A real tragedy. “The 2010 assault was captured by video camera on the school bus. The girl, 8 at the time of the assault, had the mental capacity of a 5-year-old. She was alone on the bus with driver Richard Evans, now 61, in 2010 while on her way to elementary school.Evans was convicted and sentenced to 25 years in prison. Before his hire, Evans had been convicted of having sex with a prostitute while driving a potato chip delivery truck. The child’s attorney hopes the settlement will force school districts to better check bus drivers’ backgrounds, and that it will prompt a state investigation.”
    What ever happened to the bus driver who slammed on her brakes and caused the injury of 40 children ?

  39. Wendy Lack Says:

    The same happy-talk Del Monte press release keeps getting reprinted, retelling the sweetness-and-light version of MDUSD’s solar project again and again.

    Well, I suppose everybody has to make a living.

  40. Doctor J Says:

    @Wendy, Its just money laundering — converting bond funds into general funds. Wendy, I do hope you will weigh in on the absence issue.

  41. Jim Says:

    @40 Dr. J — “Money laundering” may be a bit harsh. There is nothing wrong with making a capital investment to realize savings on operating costs (electricity in this case). Successful companies do it all the time, even if they have to borrow the capital. The problem with MDUSD’s solar was borrowing money for 42 years to purchase an asset that might last 20 years, at best, but counting (and exaggerating) 42 years of electricity savings to justify the investment. That simply reflected financial ignorance.

    @34, 37 — If the district received insurance on the warranties from a viable insurer, or from Sun Power, then SatCon’s bankruptcy may not hurt the district. The devil’s in the details, when it comes to assuming long-term warranty obligations.

  42. Wendy Lack Says:

    DJ #40:

    As a rule, I prefer to focus on root causes rather than symptoms.

    When people work in a high performance organizations that reward excellence and integrity, they’re happy to come to work. Attendance and related issues (such as leave abuse, malingering and workers’ comp fraud) seldom are found in high-performing organizations in which everyone is held accountable for excellence.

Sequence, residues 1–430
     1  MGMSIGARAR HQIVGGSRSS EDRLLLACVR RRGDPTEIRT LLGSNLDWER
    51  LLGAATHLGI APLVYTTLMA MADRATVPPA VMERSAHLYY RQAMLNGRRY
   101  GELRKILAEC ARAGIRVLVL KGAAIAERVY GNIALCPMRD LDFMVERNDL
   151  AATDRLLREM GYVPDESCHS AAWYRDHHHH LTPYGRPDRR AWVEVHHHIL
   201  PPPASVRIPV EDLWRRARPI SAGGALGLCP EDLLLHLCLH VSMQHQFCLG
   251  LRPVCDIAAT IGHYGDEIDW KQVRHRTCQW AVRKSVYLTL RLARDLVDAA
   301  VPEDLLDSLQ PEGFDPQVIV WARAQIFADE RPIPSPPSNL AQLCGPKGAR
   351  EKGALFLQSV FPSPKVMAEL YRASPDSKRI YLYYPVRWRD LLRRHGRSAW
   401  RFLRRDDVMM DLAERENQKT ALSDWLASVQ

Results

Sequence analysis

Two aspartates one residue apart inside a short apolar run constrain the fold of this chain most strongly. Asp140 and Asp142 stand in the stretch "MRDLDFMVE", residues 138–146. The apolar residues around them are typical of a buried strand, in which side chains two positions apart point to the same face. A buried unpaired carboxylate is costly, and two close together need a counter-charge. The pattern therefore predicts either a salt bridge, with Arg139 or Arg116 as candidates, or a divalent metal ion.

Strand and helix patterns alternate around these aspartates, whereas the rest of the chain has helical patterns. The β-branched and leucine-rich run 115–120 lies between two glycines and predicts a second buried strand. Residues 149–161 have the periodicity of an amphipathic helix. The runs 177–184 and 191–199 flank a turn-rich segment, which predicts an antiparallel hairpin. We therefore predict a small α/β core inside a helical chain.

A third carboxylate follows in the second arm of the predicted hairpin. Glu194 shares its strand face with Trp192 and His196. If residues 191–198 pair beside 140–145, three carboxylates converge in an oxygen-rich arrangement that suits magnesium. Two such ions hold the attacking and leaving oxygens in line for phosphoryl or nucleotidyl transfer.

Creating this kind of organization is my focus.

    We can do better.

  43. Wendy Lack Says:

    @ Jim #41:

    While “money laundering” may be a bit harsh, attributing MDUSD’s mistakes to “financial ignorance” is rather light IMO.

    Eventually the truth will out, re who profited from MDUSD’s solar fiasco.

    Regrettably, these bond-funded school solar projects are fleecing taxpayers throughout California.

  44. Theresa Harrington Says:

    Wendy, the same goes for student absences. When I visited Meadow Homes Elementary yesterday to see how the SIG is being implemented, I was very impressed by what I saw. Principal Mary Louise Newling is putting in place the kinds of “futuristic” ideas that Willard Daggett was espousing, even though she didn’t attend his talk. She intuitively gets it.
    While I was touring the campus with her, one teacher came up to her and said she is the best principal she has ever had. She said: “Thank you for making it such a pleasure to work here!” When Newling humbly dismissed the compliment, the teacher said emphatically: “I MEAN IT!”
    Newling has implemented a schedule that includes art, science, computers and instrumental music. She said one student who used to act up last year is now happily leading the drummers in music and she hasn’t seen him in the office at all this year. She said English learners need lots of hands-on activities to keep them interested and engaged. She said attendance is up because no students want to miss their art, music and computer lessons.
    The parents at the school are also VERY engaged, with nearly 50 signing up to volunteer for the new “walking school bus” program and many participating in Zumba classes aimed at encouraging fitness and healthy living.